We all live different lives but if there is one thing we can all agree on it is that some days are more challenging than others. Our day started at Duke University Children’s Hospital holding my nine month old son as doctors prodded him with needles for an IV. If that wasn’t bad enough, I had to standby and hold his hand helplessly while they inserted a catheter into his tiny boy parts. As tears rolled down his face, the hardest part was facing the look of betrayal in his eyes. It was the look that Micheal Corleone gave his brother Fredo after he has betrayed him, it was the glare Han Solo shot Lando Calrissian with when he found out he was turning them over to Darth Vader. I was glad he was not able to talk and ask me why I was allowing this to happen. Our son was born with a blockage in one of his kidneys, they both function well and he is not in danger but it has to be monitored every 6 months with a Mag3 Scan until the age of 2 just to ensure the blockage does not worsen and affect kidney function. We left the hospital mentally drained, tired and hungry. The boy fell asleep before the key turned the ignition and we made our way down to the Central Park section of Durham with plans to have lunch at Geer Street Garden and try out the new coffee shop Cocoa Cinnamon with hopes to put the worst part of our day behind us.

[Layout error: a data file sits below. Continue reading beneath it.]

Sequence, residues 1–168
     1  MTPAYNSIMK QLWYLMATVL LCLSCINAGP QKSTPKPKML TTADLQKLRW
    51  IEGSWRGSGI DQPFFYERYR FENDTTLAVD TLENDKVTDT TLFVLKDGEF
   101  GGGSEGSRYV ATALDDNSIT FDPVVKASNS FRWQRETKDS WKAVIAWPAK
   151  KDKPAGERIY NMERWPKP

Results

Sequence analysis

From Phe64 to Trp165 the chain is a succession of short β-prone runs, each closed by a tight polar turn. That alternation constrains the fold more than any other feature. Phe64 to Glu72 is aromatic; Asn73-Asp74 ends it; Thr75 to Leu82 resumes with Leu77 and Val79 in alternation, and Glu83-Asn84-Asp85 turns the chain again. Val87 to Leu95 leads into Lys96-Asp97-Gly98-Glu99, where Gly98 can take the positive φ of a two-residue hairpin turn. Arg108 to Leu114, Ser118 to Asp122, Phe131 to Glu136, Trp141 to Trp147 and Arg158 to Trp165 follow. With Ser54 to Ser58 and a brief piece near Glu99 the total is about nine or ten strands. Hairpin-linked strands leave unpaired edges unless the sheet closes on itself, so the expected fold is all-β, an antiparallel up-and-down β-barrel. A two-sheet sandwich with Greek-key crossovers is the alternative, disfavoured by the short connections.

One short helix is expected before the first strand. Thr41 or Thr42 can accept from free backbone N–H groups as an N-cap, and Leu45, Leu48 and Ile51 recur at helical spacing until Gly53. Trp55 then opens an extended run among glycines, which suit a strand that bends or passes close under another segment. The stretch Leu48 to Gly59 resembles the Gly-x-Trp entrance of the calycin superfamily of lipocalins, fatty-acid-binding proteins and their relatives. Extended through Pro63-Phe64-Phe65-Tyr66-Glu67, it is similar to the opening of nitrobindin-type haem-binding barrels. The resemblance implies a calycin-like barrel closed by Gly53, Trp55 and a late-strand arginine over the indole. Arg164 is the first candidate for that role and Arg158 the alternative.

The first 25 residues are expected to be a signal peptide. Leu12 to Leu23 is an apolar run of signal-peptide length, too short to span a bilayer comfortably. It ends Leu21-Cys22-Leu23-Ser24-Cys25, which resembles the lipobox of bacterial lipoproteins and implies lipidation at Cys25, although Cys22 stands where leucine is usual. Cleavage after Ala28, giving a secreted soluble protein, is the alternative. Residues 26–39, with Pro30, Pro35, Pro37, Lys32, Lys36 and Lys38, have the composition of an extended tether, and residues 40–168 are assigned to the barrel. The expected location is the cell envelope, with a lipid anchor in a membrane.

We sat down at one of the long picnic benches around the back of the former service station turned restaurant. There was a part of both us that wanted to ingest some stiff drinks to help transition from the morning’s stress but the snoring child in the stroller next to the table was an immediate reminder that it was not spring break in Cancun and the sweet tea might be the better option. The next best thing to comfort drinking is of course comfort food, but this order depends on who you are asking. Comfort food has been defined as things that “may be consumed to positively pique emotions, to relieve negative psychological effects or to increase positive feelings”. Nothing pigues positive emotions and relieves negative psychological effects like Cheddar Jalapeño Hush Puppies, Grilled Pimento Cheese Sandwich, Cheeseburger and Fries. Our little guy snored his troubles away as we swallowed ours after lathering the crunchy hush puppies with the sweet honey butter that came surrounded by the golden brown fritters. Next we tagged teamed on a grilled cheese with enough pimento cheese oozing out to choke a mule (thats a good thing) and a great burger topped with cheddar cheese and bacon. Devin slept though the whole meal apprently more comfortable in his stroller than the 90 minutes he spent strapped to a board screaming bloody murder a few hours earlier.